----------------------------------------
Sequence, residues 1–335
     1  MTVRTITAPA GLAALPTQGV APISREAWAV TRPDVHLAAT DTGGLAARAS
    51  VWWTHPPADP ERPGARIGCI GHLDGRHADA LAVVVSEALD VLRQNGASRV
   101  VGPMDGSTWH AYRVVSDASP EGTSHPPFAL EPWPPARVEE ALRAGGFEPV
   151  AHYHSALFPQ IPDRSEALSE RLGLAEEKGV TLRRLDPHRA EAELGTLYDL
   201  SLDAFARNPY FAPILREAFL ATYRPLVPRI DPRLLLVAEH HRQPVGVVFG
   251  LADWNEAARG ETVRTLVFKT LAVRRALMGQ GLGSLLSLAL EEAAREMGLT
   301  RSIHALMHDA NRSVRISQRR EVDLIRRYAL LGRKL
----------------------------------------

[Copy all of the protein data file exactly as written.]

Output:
Sequence, residues 1–335
     1  MTVRTITAPA GLAALPTQGV APISREAWAV TRPDVHLAAT DTGGLAARAS
    51  VWWTHPPADP ERPGARIGCI GHLDGRHADA LAVVVSEALD VLRQNGASRV
   101  VGPMDGSTWH AYRVVSDASP EGTSHPPFAL EPWPPARVEE ALRAGGFEPV
   151  AHYHSALFPQ IPDRSEALSE RLGLAEEKGV TLRRLDPHRA EAELGTLYDL
   201  SLDAFARNPY FAPILREAFL ATYRPLVPRI DPRLLLVAEH HRQPVGVVFG
   251  LADWNEAARG ETVRTLVFKT LAVRRALMGQ GLGSLLSLAL EEAAREMGLT
   301  RSIHALMHDA NRSVRISQRR EVDLIRRYAL LGRKL